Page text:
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dc.contributor.authorKinman, Gailen_GB
dc.date.accessioned2012-11-13T08:22:40Z
dc.date.available2012-11-13T08:22:40Z
dc.date.issued2008-07
dc.identifier.citationKinman, G (2008) 'Work stressors, health and sense of coherence in UK academic employees' Educational Psychology, 28 (7):pp 823 - 835en_GB
dc.identifier.issn0144-3410
dc.identifier.issn1469-5820
dc.identifier.doi10.1080/01443410802366298
dc.identifier.urihttp://hdl.handle.net/10547/251932
dc.description.abstractThis cross‐sectional study examined relationships between job‐specific stressors and psychological and physical health symptoms in academic employees working in UK universities. The study also tests the main and moderating role played by sense of coherence (SOC: Antonovsky, 1987 in work stress process). SOC is described as a generalised resistance resource for coping with environmental stressors and remaining healthy. Four hundred and sixty‐five academic employees (60% male) completed measures of work stressors, physical and psychological ill health and SOC. Significant inter‐relationships were found between job stressors, health outcomes and SOC. Stressors relating to time constraints, support and influence and work–home interface demands had the strongest associations with health outcomes. Employees with a weaker SOC tended to be in poorer physical and psychological health, thus supporting a main effect for SOC. Some evidence for a moderating role for SOC was found, with the strongest effect observed for stressors experienced at the work–home interface.
dc.language.isoenen
dc.publisherTaylor and Francisen_GB
dc.relation.urlhttp://www.tandfonline.com/doi/abs/10.1080/01443410802366298en_GB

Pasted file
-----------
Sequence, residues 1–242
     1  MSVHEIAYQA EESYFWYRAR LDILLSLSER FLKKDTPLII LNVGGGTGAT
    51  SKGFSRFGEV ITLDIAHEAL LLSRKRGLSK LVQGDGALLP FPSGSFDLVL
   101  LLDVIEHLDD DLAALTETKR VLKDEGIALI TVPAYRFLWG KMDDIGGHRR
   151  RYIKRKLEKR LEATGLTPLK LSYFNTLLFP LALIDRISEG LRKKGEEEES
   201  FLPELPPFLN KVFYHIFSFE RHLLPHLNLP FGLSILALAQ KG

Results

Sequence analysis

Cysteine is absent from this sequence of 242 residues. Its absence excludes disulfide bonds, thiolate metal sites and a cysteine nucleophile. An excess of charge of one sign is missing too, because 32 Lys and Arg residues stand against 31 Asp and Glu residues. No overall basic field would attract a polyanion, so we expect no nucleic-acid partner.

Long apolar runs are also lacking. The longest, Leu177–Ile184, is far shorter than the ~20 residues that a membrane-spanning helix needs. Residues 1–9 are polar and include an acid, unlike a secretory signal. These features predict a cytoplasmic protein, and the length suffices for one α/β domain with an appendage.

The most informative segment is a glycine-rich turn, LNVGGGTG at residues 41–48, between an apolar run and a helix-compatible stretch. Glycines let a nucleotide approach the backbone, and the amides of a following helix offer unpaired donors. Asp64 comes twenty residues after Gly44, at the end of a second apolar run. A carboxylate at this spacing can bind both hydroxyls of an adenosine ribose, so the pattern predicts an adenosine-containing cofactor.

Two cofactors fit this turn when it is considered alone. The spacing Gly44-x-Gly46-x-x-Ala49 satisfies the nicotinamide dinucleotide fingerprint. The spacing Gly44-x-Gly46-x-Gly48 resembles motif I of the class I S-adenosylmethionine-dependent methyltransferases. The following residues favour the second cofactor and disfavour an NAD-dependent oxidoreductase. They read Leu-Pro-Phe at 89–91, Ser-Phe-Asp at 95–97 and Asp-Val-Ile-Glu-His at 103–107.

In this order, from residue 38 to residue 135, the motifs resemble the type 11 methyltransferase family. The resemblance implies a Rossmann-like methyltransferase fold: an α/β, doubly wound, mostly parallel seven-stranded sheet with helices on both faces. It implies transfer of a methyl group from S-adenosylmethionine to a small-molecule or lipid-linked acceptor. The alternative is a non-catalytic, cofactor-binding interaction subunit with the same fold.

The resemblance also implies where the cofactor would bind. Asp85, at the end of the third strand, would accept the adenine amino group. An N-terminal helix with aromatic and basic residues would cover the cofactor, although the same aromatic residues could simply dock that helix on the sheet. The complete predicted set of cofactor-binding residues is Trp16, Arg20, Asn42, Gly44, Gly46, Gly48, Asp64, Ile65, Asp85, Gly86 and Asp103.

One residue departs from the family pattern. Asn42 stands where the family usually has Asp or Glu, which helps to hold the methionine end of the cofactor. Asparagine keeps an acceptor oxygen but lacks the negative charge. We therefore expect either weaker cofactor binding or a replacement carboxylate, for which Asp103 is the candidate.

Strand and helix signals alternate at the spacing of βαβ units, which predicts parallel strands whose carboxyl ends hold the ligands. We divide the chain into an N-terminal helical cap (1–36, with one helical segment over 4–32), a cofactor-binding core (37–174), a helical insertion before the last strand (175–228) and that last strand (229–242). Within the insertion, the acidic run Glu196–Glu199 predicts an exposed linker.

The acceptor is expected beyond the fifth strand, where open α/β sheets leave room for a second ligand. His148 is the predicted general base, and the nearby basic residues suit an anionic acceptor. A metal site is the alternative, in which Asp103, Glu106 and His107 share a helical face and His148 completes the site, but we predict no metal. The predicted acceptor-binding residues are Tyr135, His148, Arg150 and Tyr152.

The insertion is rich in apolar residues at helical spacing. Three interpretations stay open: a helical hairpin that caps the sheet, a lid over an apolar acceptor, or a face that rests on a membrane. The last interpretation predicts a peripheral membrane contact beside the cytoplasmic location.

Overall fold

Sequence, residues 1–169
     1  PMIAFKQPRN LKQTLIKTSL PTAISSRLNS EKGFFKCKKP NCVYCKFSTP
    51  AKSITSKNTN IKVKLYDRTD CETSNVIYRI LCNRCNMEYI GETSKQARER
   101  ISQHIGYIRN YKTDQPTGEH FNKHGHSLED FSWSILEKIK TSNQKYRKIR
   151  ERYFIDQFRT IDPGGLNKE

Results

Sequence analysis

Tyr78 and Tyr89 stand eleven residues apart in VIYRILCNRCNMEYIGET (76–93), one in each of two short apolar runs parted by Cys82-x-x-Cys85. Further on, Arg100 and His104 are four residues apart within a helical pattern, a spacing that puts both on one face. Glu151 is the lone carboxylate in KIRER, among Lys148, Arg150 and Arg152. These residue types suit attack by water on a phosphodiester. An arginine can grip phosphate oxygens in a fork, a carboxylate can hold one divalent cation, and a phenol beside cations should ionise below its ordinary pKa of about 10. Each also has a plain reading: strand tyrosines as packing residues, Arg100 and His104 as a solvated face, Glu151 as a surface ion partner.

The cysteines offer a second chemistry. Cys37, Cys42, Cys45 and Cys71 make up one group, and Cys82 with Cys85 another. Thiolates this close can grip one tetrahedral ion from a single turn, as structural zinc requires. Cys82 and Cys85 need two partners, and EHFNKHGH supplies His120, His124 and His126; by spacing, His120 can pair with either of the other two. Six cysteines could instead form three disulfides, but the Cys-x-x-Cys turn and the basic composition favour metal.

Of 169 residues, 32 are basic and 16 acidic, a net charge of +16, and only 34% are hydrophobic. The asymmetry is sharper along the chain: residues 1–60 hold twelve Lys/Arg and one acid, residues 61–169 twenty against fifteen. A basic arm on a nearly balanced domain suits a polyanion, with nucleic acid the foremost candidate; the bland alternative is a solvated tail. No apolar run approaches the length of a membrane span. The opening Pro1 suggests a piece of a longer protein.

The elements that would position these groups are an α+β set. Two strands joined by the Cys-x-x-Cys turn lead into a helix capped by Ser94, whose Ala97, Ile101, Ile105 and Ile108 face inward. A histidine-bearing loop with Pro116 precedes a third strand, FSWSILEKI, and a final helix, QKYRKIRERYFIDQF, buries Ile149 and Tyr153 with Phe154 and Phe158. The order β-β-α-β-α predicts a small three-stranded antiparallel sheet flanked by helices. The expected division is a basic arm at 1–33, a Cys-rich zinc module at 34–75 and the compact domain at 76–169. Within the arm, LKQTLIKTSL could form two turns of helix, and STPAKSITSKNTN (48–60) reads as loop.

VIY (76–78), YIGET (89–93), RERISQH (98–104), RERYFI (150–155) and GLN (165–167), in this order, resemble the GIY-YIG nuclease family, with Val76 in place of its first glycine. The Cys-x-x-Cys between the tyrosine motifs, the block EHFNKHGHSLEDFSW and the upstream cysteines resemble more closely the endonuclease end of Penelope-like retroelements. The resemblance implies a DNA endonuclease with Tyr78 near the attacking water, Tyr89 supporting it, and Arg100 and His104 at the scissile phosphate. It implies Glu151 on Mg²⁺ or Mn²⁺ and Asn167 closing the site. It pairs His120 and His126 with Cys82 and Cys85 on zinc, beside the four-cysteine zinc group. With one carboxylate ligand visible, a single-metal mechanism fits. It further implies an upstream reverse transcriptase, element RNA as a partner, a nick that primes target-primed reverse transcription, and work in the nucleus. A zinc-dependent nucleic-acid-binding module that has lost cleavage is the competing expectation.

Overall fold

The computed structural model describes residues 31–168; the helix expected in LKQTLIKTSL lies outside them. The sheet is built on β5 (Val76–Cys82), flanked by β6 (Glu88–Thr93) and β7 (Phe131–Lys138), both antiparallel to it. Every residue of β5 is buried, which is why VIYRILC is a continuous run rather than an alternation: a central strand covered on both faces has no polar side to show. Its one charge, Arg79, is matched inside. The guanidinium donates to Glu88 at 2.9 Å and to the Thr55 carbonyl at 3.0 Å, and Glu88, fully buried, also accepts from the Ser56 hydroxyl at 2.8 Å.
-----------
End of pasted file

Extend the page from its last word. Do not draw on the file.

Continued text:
dc.titleWork stressors, health and sense of coherence in UK academic employeesen
dc.typeArticleen
dc.identifier.journalEducational Psychology: An International Journal of Experimental Educational Psychologyen_GB
html.description.abstractThis cross‐sectional study examined relationships between job‐specific stressors and psychological and physical health symptoms in academic employees working in UK universities. The study also tests the main and moderating role played by sense of coherence (SOC: Antonovsky, 1987 in work stress process). SOC is described as a generalised resistance resource for coping with environmental stressors and remaining healthy. Four hundred and sixty‐five academic employees (60% male) completed measures of work stressors, physical and psychological ill health and SOC. Significant inter‐relationships were found between job stressors, health outcomes and SOC. Stressors relating to time constraints, support and influence and work–home interface demands had the strongest associations with health outcomes. Employees with a weaker SOC tended to be in poorer physical and psychological health, thus supporting a main effect for SOC. Some evidence for a moderating role for SOC was found, with the strongest effect observed for stressors experienced at the work–home interface.


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